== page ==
Bush Dog Democrats Brian Baird Supports Surge

by: Matt Stoller

Wed Aug 22, 2007 at 10:51

Here's Washington state's Brian Baird talking about how great the surge is, how he'll no longer vote for timelines, and bashing Democrats, after spending a grand total of two days in Iraq.  This is part of a campaign to split Democrats. As part of the right-wing PR campaign, here's Jerry McNerney bashing Democrats on Iraq to the Washington Post.

But in an interview yesterday, McNerney made clear his views have shifted since returning from Iraq. He said Democrats should be willing to negotiate with the generals in Iraq over just how much more time they might need. And, he said, Democrats should move beyond their confrontational approach, away from tough-minded, partisan withdrawal resolutions, to be more conciliatory with Republicans who might also be looking for a way out of the war.

"We should sit down with Republicans, see what would be acceptable to them to end the war and present it to the president, start negotiating from the beginning," he said, adding, "I don't know what the [Democratic] leadership is thinking. Sometimes they've done things that are beyond me."

This is after a 'clarification' on his blog pandering to activists.

We have a lot of work to do on this Bush Dog campaign.  Sign up to profile one of them.  And meanwhile, we'll need criteria for figuring out how to add new ones.  Baird voted correctly on the FISA bill, but I think it's hard to say that he doesn't deserve criticism.  Bush won his district in 2004 by a margin of 50-49.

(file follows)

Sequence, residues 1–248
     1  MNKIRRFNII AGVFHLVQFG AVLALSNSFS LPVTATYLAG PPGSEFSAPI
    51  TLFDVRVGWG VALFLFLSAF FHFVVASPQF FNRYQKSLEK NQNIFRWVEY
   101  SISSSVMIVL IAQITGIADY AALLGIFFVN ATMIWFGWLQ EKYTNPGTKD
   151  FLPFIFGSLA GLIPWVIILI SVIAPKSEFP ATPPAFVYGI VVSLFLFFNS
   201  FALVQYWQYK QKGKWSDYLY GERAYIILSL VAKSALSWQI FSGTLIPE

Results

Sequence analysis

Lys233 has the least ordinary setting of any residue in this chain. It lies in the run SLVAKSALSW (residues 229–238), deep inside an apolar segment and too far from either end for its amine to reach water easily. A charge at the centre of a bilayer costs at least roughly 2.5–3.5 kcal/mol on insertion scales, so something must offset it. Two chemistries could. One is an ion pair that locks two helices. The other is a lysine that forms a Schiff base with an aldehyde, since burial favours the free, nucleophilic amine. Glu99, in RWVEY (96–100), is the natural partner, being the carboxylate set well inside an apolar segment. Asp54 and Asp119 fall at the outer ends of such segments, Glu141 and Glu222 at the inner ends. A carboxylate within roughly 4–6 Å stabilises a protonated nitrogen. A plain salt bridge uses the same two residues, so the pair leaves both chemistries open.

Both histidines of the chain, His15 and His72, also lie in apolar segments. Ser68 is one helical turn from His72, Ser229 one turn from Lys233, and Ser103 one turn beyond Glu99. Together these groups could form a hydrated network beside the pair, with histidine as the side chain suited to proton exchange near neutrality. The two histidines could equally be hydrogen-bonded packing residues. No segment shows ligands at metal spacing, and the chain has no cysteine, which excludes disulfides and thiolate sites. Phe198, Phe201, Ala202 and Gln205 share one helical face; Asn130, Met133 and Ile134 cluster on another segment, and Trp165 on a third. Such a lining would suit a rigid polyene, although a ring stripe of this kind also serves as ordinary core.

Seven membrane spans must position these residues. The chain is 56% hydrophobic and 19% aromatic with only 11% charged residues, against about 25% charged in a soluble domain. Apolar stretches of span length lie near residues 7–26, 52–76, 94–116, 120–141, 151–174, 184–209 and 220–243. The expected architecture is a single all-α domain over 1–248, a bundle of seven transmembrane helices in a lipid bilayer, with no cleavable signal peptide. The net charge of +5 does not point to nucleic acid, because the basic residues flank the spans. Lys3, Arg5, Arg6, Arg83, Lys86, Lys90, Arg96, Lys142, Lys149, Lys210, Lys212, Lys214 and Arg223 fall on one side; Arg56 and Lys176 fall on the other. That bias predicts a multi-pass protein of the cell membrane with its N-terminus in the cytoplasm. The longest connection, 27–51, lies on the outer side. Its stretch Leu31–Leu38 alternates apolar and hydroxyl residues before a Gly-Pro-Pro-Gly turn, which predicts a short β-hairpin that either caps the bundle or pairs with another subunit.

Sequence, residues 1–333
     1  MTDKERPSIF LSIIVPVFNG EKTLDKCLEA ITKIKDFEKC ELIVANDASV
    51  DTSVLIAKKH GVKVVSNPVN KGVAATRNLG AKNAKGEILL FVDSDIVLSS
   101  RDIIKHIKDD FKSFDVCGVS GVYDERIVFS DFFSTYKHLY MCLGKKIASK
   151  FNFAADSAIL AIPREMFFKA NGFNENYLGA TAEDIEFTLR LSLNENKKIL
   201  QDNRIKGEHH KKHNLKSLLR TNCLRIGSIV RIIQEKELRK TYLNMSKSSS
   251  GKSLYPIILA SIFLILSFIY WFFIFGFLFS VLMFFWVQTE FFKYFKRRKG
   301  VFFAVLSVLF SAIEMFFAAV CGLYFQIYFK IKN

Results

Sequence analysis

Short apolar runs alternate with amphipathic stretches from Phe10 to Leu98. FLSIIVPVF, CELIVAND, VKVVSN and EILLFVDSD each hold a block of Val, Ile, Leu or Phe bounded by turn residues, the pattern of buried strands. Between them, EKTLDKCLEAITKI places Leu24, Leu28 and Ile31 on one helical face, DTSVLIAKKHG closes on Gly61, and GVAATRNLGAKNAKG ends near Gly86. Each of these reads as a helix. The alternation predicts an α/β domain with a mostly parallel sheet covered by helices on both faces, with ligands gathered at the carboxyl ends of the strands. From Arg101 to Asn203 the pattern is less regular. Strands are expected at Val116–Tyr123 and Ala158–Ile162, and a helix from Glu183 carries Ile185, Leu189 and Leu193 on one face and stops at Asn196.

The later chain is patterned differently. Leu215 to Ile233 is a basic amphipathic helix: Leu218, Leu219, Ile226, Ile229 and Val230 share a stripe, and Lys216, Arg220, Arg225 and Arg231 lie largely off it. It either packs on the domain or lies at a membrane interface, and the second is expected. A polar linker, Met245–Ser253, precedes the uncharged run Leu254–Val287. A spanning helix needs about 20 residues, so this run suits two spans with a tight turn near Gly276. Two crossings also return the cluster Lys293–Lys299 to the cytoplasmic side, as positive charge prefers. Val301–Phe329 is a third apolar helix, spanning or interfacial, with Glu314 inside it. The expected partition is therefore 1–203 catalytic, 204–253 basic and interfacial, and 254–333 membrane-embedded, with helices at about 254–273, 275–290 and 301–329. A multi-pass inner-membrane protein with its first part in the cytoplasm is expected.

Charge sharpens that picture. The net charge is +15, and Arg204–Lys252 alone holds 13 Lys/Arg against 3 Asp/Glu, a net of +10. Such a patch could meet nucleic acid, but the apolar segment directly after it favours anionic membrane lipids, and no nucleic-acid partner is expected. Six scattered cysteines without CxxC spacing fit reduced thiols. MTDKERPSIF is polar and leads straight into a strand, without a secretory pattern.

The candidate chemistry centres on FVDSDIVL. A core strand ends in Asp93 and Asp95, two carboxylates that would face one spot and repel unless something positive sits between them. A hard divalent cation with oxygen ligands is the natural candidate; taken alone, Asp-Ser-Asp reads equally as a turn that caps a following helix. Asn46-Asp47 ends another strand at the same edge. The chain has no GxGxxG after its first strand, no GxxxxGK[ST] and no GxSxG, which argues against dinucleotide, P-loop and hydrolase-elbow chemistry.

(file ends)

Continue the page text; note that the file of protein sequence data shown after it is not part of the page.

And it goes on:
I transcribed Baird's full interview with Tucker in the extended entry.

Matt Stoller :: Bush Dog Democrats Brian Baird Supports Surge
Tucker: We begin with the troop surge in Iraq.  Brian Baird is a five term Democratic Congressman from Washington state.  He voted against the invasion of Iraq and has maintained his opposition to the war ever since.  That's a stance popular in his district.  And yet after his latest trip to the Middle East, one of five, his opinion appears to be changing.  Congressman Baird joins us now to explain.  Congressman Baird, thanks for coming on.

Rep. Baird: Great to be with you again.

Tucker:  So how has your last trip to the region changed your view?

Rep. Baird: Well, you know, this is my second trip in four months, and while there I visited throughout the region to Israel, Jordan, Palestinian territories, Egypt, and I have to tell you, I think we're making progress.  When I spoke with the Generals, and the troops on the ground, and Ambassador Crocker, there's still a lot of challenges, but noticeable and important progress, and I think we need to try to work together to try to make this thing a success.